Last week, MLS heard presentations from the four finalists. Cincinnati is competing with Detroit, Nashville and Sacramento. League officials said they intend to hold public ceremonies in the cities they choose in the next few days.
But there's no way they can keep it secret until then, can they?
The two finalists not selected will remain in the mix, along with the other eight cities that applied for consideration in January, for the final two expansion clubs to be determined later - perhaps for the 2024 season.
Here is a look at the four finalists and what they offer MLS, which is looking at ownership, market and stadium plans:
Ownership group: An impressive group of nine investors is led by billionaire American Financial Group co-CEO Carl Lindner III and Scott Farmer of Mason’s Cintas Corp.
Market: Cincinnati ranks last among the 12 expansion cities for television market, checking in at 36th overall, but FC Cincinnati has out-proved its market size while averaging 21,199 fans in 2017, which would rank eighth in MLS. The city is home to nine Fortune 500 companies, which is more per capita than New York City and Los Angeles and provides for plenty of sponsorship opportunities.
Stadium plan: FC Cincinnati is seeking to build a 21,000-seat expandable stadium in Oakley, privately financing the entire $200 million facility with public assistance for $75 million in infrastructure costs. The city of Cincinnati agreed to pay $37 million toward roads and improvements in the area, while Hamilton County will chip in about $15 million for a 1,000-space parking garage. The club reportedly is asking for $10 million in state funds, but it is unclear how the rest of the gap will be covered.
Key to winning the bid: FC Cincinnati has a proven record with fan support unheard of at the Division II level, and is the most likely to be ready if MLS wants a team to jump in for 2019 to balance the conferences. Nippert Stadium is suitable for MLS games in the short term while the new stadium is under construction.
Ownership group: Detroit’s bid is backed by NBA owners Tom Gores (Detroit Pistons) and Dan Gilbert (Cleveland Cavaliers), with the recent addition of the Ford Family that owns the NFL Lions. Gores and Gilbert have a combined worth of about $9 billion.
Market: Detroit is the third largest media market without an MLS team, 13th overall. Although already home to four major professional sports teams, the city has supported soccer at the lower divisions. Detroit has three Fortune 500 companies but there are another eight in the surrounding region.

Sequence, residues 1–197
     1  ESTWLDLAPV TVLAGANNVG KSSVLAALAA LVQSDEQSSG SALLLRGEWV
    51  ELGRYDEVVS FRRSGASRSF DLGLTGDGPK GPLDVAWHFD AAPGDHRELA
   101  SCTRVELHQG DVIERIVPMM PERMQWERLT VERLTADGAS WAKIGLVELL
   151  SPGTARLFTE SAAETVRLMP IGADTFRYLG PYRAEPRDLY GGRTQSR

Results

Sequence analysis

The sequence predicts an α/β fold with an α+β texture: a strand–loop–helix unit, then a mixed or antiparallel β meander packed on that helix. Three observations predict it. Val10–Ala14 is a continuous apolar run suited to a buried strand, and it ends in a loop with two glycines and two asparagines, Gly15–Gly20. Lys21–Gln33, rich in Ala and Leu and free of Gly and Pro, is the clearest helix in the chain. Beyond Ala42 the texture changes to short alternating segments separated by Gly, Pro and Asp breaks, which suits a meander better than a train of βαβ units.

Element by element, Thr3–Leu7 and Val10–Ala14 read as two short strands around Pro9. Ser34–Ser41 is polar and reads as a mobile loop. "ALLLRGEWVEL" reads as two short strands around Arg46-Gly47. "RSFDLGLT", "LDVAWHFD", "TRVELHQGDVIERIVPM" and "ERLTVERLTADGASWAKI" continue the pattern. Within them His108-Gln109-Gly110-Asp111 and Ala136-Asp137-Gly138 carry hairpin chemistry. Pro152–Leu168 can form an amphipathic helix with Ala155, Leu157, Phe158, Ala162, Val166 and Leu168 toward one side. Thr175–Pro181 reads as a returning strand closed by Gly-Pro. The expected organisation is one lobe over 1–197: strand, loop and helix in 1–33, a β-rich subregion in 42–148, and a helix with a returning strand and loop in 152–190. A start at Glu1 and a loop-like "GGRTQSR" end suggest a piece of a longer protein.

Stadium plan: Gores and Gilbert announced in April a $1 billion investment at an unfinished jail site in downtown Detroit for a 25,000-seat stadium, but plans fell through. At the 11th hour, the duo brought in the Ford Family with plans to share Ford Field with the Lions.
Key to winning the bid: The stadium plan didn’t seem to sit well with MLS, but Detroit’s biggest hope is that MLS can’t pass up on the strength of this ownership group and the money they bring to the table.
Ownership group: Bid leader John Ingram is the chairman of Ingram Industries, a privately held company with interests in book publishing, barge and river transport and information technology that netted $2.3 billion in revenue last year. He is joined by the Wilf family, which owns the Minnesota Vikings, and the Turner family, Managing Partners of MarketStreet Enterprises.
Market: The capital of Tennessee makes for the 29th-largest media market and 36th most-populous metropolitan area, but this music town has done well in supporting the NFL’s Titans and NHL’s Predators, and soccer has been a big draw with international games. There were six Fortune 500 companies in the area as of 2015.
Stadium plan: The public will front a $275 million bond for a project to build a stadium on county fairgrounds, and the club owners plan to privately develop 10 acres around the stadium. The team will make a $25 million payment up front to cover stadium costs and will write a $9 million check every year to cover a large chunk of the annual payments on the debt, but taxpayers will pay for the rest in large part with new sales tax revenue from the stadium and a $1.75 ticket tax.
Key to winning the bid: Nashville is a destination city that draws visitors from near and far, and the city would be a good bridge to the Atlanta and Columbus clubs, assuming the Crew doesn’t move to Austin.
Ownership group: Lead investor Kevin Nagle founded health care and pharmaceutical benefit management company EnvisionRX Options and also owns a share of the NBA Sacramento Kings. The Jed York family, which owns the San Francisco 49ers, also have a significant minority stake.
Market: Sacramento is the 20th largest media market in the United States (third among the MLS expansion applicants), and it’s the only top 20 member with only one major league sports franchise. The Republic is a club with about 10,000 season ticket holders, but sponsorships could be a question in a market with no Fortune 500 companies.
Stadium plan: Last December, the Republic unveiled its plans for a new $200 million privately financed 20,000-seat MLS stadium on a plot of land in the 224-acre Railyards district just north of downtown, where a massive redevelopment project already had been approved by the city council. The club and city signed a term sheet in 2015, and pre-construction began this summer. The public will pay for an estimated $46 million in infrastructure improvements on the site.
Key to winning the bid: Sacramento has had all the MLS boxes checked for some time now and already is ready to begin construction on its stadium, something no other club can do.